The Braves finally broke their nearly two-month-long silence by signing Marcell Ozuna to a one-year pact worth $18 million. The move fills their need for a power bat behind Freddie Freeman, who benefited tremendously from having Josh Donaldson hit behind him last season.
Ozuna is no Donaldson. He will play left field, and isn’t nearly the same with the glove as Josh was at the hot corner. At this point in his career, he’s an average defender, but that’s not why the Braves were interested. Ozuna smashed 29 homers in just 132 games for the Cardinals last season – his second year in St. Louis – and while that’s more than respectable, his time with the Redbirds will be viewed somewhat as a disappointment.
The Cardinals acquired Ozuna from the Marlins before the 2018 season. Prior to that, he made back-to-back All-Star games with the Fish, and in 2017, he slashed .312/.376/.548 with 37 homers – good for a .924 OPS. In his two years with St. Louis, he only recorded a .779 OPS. Because of that, it’s not shocking he took a deal similar to the one Josh Donaldson accepted for 2019 – a one-year, prove-it contract in an ideal situation that could end up paying substantial dividends. Ozuna will be 30 next offseason and looking for that same lucrative, long-term deal that he’s been unable to find since November, which the Braves are not ruling out if he performs like he is capable.
Alex Anthopoulos didn't rule out the possibility of Ozuna being here beyond 2020. "I think this is a very good opportunity for him to play to his potential with a good team, good lineup. There's always the potential that this could be a longer deal over time" #Braves @680TheFan
— Kevin McAlpin (@KevinMcAlpin) January 22, 2020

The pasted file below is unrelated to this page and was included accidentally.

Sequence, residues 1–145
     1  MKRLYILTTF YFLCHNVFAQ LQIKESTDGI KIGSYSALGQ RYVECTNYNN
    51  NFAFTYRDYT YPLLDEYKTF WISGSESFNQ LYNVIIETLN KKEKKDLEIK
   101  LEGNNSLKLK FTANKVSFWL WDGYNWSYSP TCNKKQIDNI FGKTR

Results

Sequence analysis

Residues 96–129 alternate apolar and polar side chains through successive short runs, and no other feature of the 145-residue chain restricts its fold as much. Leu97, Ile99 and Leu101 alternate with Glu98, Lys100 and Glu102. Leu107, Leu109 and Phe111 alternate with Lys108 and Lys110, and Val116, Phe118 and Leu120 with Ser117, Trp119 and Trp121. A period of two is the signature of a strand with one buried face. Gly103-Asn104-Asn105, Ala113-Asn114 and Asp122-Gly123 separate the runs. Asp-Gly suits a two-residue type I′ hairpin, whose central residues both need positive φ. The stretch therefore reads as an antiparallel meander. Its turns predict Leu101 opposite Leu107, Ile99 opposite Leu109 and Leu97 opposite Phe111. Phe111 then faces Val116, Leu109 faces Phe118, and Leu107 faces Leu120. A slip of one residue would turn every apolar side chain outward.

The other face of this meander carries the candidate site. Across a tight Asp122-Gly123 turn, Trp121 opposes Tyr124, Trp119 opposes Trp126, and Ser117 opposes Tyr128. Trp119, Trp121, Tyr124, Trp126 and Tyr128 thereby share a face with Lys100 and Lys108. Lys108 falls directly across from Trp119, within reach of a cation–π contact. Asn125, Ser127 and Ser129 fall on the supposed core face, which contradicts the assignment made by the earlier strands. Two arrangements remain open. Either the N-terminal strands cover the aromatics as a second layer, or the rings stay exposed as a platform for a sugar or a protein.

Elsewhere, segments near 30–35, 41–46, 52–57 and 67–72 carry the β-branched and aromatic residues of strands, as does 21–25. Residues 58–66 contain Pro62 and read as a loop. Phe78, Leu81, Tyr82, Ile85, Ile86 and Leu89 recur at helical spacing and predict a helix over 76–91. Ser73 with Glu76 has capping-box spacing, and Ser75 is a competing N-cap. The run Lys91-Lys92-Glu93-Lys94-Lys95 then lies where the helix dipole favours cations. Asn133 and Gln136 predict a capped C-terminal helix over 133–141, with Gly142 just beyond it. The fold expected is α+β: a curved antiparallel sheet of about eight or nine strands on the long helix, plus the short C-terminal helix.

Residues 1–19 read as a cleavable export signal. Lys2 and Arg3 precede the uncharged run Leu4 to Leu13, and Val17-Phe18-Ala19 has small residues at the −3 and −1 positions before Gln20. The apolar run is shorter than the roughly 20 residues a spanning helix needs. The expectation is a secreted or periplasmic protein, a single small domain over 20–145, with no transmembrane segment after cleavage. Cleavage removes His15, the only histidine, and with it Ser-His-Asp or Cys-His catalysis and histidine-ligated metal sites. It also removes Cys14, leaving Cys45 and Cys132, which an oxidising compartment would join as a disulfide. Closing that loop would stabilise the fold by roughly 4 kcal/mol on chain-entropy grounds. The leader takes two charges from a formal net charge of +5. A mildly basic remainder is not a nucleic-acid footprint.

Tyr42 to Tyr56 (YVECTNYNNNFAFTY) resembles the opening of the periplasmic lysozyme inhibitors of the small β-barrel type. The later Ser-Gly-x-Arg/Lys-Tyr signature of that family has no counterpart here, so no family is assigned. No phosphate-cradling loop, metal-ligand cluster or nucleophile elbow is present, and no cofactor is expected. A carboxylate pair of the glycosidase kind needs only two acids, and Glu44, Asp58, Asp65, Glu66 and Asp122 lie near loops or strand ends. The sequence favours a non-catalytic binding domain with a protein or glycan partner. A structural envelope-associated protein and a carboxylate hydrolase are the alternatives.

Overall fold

Now, you may be thinking, “This is the Braves; they’ll never commit to more than a couple of years, just look how they let Josh Donaldson walk.” And to a degree, you’re right. I did say these contracts are eerily similar, and Atlanta did decide to let Donaldson sign elsewhere after he had one of the best years of his career. But while these contracts are alike, the players are not.
Ozuna and Donaldson are in totally different stages of their careers. At 29, Ozuna is right in the middle of his prime with several years remaining before regression should start to show. He also doesn’t have any injury concerns. He’s played in at least 123 games in each of the past six seasons. Donaldson just turned 34 and had back-to-back injury-plagued campaigns before signing with the Braves. Giving him four to five years carries far more risk than signing Ozuna long-term if he thrives in Atlanta.
More than anything, this one-year contract keeps the Braves options open in the middle of their championship window, which is crucial. Ozuna should provide the boost they need this season, and by the time Pache and Waters are ready, he can move onto greener pastures. Or, if the Braves decide they want to keep Ozuna around as apart of their core, they can trade Pache or Waters for another piece that can help them in their World Series aspirations. I know some Braves fans are tired of one-year deals, but this could not have worked out better for Atlanta.